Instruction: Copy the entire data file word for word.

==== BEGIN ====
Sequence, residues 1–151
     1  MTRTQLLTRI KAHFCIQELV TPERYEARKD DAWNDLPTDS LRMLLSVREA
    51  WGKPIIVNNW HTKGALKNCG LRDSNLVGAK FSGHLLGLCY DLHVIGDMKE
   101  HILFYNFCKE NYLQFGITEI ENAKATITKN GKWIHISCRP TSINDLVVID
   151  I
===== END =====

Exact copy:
Sequence, residues 1–151
     1  MTRTQLLTRI KAHFCIQELV TPERYEARKD DAWNDLPTDS LRMLLSVREA
    51  WGKPIIVNNW HTKGALKNCG LRDSNLVGAK FSGHLLGLCY DLHVIGDMKE
   101  HILFYNFCKE NYLQFGITEI ENAKATITKN GKWIHISCRP TSINDLVVID
   151  I